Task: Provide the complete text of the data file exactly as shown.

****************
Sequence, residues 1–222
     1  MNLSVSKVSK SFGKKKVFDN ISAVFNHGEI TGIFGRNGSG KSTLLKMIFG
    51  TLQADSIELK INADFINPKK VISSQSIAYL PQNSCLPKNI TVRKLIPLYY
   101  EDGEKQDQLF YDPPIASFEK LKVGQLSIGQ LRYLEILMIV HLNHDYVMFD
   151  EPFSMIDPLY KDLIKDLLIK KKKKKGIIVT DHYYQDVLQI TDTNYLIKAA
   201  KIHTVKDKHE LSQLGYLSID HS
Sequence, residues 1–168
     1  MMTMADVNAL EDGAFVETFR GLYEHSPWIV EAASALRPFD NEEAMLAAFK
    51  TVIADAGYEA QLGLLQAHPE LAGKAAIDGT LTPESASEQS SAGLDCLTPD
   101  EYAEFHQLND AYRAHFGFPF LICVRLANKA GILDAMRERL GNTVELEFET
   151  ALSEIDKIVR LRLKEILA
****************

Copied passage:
Sequence, residues 1–222
     1  MNLSVSKVSK SFGKKKVFDN ISAVFNHGEI TGIFGRNGSG KSTLLKMIFG
    51  TLQADSIELK INADFINPKK VISSQSIAYL PQNSCLPKNI TVRKLIPLYY
   101  EDGEKQDQLF YDPPIASFEK LKVGQLSIGQ LRYLEILMIV HLNHDYVMFD
   151  EPFSMIDPLY KDLIKDLLIK KKKKKGIIVT DHYYQDVLQI TDTNYLIKAA
   201  KIHTVKDKHE LSQLGYLSID HS
Sequence, residues 1–168
     1  MMTMADVNAL EDGAFVETFR GLYEHSPWIV EAASALRPFD NEEAMLAAFK
    51  TVIADAGYEA QLGLLQAHPE LAGKAAIDGT LTPESASEQS SAGLDCLTPD
   101  EYAEFHQLND AYRAHFGFPF LICVRLANKA GILDAMRERL GNTVELEFET
   151  ALSEIDKIVR LRLKEILA